New frontiers in using data for resilience decision-making and investments

The RMEL CoP has hosted four innovative collaborations among member organizations. Made possible with the support of The Rockefeller Foundation, these collaborations have advanced resilience practice in new and emergent areas:

  • Integrating community-driven data into urban resilience planning with informal settlement dwellers

  • Exploring how resilience measurement can better inform real-time, adaptive management

  • Validating the potential of ICTs as a tool for resilience monitoring.

Mobile Phone Data for Resilience Analysis

Flowminder Foundation, in partnership with Mercy Corps and the Feinstein International Centre (FIC) of Tufts University.

Resilience can be defined as ‘the capacity that ensures adverse stressors and shocks do not have long-lasting adverse development consequences’ (FSIN). But measuring resilience in the field is challenging; a critical obstacle is the lack of high frequency data on individual and household well-being.

Understanding how adaptive management can support resilience strengthening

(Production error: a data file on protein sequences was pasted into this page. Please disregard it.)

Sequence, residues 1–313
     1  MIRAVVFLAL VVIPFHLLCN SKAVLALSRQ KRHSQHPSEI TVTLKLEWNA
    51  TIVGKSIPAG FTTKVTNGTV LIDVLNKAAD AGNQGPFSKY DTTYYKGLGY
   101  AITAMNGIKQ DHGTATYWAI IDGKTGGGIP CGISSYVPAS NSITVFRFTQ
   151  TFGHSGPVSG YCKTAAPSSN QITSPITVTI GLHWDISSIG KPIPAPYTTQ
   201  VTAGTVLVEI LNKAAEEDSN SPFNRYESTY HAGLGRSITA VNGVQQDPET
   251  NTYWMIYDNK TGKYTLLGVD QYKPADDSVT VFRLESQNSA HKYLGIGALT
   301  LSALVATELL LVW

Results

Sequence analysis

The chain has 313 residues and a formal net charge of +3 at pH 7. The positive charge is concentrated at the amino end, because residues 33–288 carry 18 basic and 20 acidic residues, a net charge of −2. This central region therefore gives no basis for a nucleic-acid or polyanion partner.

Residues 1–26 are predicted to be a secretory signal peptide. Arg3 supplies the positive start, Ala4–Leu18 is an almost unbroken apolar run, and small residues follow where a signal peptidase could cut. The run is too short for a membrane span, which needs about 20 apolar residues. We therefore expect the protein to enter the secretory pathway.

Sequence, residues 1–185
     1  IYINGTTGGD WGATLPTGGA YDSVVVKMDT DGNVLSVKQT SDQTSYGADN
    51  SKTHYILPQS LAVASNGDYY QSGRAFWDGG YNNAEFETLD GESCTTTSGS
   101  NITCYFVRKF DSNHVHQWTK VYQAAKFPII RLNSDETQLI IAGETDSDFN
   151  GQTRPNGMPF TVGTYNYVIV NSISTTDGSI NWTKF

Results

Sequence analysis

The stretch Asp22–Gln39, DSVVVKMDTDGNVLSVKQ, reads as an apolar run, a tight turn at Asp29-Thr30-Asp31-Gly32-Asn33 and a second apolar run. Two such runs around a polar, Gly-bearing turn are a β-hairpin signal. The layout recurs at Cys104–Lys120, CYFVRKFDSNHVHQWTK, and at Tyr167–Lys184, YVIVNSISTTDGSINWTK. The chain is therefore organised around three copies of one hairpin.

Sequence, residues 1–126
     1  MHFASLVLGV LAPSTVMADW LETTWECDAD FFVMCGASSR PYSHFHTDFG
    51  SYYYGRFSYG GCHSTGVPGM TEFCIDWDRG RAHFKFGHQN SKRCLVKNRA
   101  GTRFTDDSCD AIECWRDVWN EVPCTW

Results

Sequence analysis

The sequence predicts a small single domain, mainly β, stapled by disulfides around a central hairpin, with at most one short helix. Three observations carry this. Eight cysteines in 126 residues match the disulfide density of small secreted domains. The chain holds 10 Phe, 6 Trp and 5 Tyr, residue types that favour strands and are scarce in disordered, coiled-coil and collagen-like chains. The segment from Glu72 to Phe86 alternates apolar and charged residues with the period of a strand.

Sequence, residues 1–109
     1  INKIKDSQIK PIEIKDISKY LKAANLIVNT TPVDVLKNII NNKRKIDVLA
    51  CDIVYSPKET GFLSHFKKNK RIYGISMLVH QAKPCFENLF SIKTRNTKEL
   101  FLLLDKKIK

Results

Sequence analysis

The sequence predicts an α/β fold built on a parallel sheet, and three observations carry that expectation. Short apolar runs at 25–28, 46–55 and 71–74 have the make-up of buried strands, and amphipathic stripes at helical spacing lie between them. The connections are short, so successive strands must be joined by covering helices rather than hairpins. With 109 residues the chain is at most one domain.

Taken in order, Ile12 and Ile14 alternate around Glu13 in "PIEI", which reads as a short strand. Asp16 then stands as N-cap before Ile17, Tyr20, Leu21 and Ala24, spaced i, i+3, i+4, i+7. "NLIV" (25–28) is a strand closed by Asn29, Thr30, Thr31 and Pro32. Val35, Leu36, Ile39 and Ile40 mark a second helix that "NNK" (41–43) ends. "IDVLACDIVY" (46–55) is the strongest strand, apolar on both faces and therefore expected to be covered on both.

Itad, in partnership with Mercy Corps.

“Transferring resilience measurement information and systems into front-line practice could help implementers to take the “small-bets”, use rapid feedback loops, and change activities that bolster people’s resilience capacities in real-time.”

Collaborative Resilience Evidence and Action in Cities Characterized by Informality

Itad, in partnership with 100 Resilient Cities (100RC), which was pioneered by The Rockefeller Foundation, and with Slum Dwellers International (SDI).

“When a billion slum dwellers are engaged in the process of defining, planning, monitoring and evaluating resilience we lay the ground for truly transformative contributions to resilience learning and influence.”

Driving change through alignment of community driven data

Slum Dwellers International (SDI) and Global Infrastructure Basel (GIB) Foundation.

“Global struggles for poverty reduction, climate change adaptation and resilience will be won or lost in informal settlements.”